Having spent the time early in her career often saying, “I think I can do that,” but not actually taking on the challenge, Karen urges all members of the Federation to act on their ideas and make them a reality. She says, “The second you think it, you need to go with that and say yes, I can do that.” She cites the “imposter syndrome” that many females who seek to be leaders experience, where we use internalized excuses of not being good enough to deter ourselves from stepping up and believing that we belong in leadership positions. Karen goes on to say that: “Throughout my career, I have had so many opportunities and have worked with such incredible people that I would tell 25-year-old Karen to go with the flow. I know you can’t really tell people that, though, and I think either you do, or you don’t.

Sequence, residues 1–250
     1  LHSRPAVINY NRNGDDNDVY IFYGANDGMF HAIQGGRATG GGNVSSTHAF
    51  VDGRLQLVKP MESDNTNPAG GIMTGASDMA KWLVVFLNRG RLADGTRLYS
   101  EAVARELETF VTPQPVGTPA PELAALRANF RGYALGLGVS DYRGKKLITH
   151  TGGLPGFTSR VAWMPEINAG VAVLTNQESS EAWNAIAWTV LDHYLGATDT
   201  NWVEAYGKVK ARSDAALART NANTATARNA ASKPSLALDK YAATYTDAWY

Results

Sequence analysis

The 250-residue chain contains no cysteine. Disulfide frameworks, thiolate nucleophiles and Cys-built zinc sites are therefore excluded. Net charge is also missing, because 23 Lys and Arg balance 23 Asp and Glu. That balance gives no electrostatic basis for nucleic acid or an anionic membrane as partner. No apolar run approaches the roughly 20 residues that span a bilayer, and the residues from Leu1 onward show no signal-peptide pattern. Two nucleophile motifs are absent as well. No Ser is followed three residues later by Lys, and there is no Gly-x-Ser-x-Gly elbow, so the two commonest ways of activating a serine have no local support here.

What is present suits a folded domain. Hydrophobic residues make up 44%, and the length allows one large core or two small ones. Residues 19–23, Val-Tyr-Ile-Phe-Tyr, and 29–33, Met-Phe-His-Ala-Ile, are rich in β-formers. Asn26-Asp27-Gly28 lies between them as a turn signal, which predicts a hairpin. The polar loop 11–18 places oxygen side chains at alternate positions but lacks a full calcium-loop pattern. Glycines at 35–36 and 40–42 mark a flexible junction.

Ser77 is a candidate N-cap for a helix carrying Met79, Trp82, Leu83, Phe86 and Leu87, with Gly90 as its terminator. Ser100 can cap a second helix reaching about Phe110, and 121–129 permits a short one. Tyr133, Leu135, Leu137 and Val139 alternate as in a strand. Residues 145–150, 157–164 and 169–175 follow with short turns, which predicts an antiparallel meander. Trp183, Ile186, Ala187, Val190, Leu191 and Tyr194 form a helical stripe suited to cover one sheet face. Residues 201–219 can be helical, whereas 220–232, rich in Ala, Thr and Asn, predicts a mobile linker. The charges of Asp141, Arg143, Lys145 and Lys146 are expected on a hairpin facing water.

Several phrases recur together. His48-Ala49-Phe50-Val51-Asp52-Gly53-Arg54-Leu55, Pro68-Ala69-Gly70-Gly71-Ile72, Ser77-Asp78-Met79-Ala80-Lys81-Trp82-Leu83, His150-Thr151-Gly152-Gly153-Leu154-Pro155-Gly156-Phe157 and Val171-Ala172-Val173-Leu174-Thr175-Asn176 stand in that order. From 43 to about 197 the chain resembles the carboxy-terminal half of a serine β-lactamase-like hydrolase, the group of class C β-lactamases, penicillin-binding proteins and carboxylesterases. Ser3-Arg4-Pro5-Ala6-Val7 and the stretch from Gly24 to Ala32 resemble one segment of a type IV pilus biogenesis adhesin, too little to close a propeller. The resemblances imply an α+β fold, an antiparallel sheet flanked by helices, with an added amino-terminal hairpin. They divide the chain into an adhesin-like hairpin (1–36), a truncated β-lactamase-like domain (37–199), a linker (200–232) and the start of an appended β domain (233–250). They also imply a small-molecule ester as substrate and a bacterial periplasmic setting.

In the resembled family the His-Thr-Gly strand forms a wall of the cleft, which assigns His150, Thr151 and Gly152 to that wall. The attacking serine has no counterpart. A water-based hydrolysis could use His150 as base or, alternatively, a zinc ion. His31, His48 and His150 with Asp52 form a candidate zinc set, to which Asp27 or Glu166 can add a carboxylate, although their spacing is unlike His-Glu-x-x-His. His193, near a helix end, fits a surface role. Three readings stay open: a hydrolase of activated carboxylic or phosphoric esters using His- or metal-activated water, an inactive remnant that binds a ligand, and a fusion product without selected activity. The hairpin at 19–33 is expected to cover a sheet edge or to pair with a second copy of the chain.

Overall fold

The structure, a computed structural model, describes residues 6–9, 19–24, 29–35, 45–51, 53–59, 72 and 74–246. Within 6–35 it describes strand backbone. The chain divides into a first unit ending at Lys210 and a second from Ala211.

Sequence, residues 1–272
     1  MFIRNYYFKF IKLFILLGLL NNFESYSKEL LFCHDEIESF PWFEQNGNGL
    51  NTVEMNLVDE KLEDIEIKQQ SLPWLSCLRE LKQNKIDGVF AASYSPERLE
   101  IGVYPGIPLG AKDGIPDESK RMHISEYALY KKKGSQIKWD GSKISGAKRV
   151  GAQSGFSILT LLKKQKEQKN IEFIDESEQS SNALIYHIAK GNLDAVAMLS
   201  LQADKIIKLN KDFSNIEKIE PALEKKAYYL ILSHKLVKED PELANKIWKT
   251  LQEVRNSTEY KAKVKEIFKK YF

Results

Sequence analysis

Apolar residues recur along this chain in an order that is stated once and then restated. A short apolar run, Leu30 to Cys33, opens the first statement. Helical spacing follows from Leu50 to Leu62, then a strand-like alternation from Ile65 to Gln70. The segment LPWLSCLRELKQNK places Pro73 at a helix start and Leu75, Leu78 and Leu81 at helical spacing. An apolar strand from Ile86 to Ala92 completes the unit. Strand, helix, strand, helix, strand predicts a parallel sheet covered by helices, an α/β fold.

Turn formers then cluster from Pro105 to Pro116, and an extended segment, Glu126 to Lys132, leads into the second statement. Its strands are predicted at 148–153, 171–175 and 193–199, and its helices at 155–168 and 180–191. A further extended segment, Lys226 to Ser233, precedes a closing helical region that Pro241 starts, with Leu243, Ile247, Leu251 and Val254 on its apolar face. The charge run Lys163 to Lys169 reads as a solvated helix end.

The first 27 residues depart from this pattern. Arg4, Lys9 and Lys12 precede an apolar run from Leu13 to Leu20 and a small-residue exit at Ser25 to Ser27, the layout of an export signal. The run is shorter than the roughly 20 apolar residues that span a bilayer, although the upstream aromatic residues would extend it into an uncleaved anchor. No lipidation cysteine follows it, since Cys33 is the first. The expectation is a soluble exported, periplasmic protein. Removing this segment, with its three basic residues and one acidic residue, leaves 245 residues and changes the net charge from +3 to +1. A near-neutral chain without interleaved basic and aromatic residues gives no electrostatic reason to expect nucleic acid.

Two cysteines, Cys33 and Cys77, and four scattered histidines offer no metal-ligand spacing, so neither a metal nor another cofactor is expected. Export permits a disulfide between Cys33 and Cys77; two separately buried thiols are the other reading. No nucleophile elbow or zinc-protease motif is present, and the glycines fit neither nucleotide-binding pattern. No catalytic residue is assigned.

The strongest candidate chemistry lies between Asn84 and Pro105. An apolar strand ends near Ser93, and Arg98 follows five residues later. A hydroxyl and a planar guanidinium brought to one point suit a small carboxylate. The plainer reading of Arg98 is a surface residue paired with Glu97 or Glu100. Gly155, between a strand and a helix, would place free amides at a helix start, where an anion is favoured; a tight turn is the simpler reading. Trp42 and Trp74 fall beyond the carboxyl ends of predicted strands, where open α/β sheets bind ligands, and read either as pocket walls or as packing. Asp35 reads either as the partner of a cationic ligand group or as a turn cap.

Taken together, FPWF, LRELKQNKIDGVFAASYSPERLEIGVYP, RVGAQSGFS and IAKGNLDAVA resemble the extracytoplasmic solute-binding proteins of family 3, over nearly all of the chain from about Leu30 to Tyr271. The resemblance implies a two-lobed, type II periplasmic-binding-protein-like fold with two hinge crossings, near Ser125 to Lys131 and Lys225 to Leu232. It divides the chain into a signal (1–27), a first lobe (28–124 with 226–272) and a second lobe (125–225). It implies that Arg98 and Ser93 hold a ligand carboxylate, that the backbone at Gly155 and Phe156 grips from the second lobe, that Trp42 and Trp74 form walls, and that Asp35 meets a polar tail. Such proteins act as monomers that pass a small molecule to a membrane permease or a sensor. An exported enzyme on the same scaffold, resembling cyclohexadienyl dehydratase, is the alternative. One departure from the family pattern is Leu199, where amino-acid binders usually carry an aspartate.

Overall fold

I’ve always been willing to take a chance and put myself out there and to see what it brings. When the door opens, you can walk through, and if you don’t like what’s there, you can walk back out. I find it important to look at things as learning experiences and to try and turn them into positives. I think 25-year-old Karen took all of her experiences and found the positives that helped her grow.”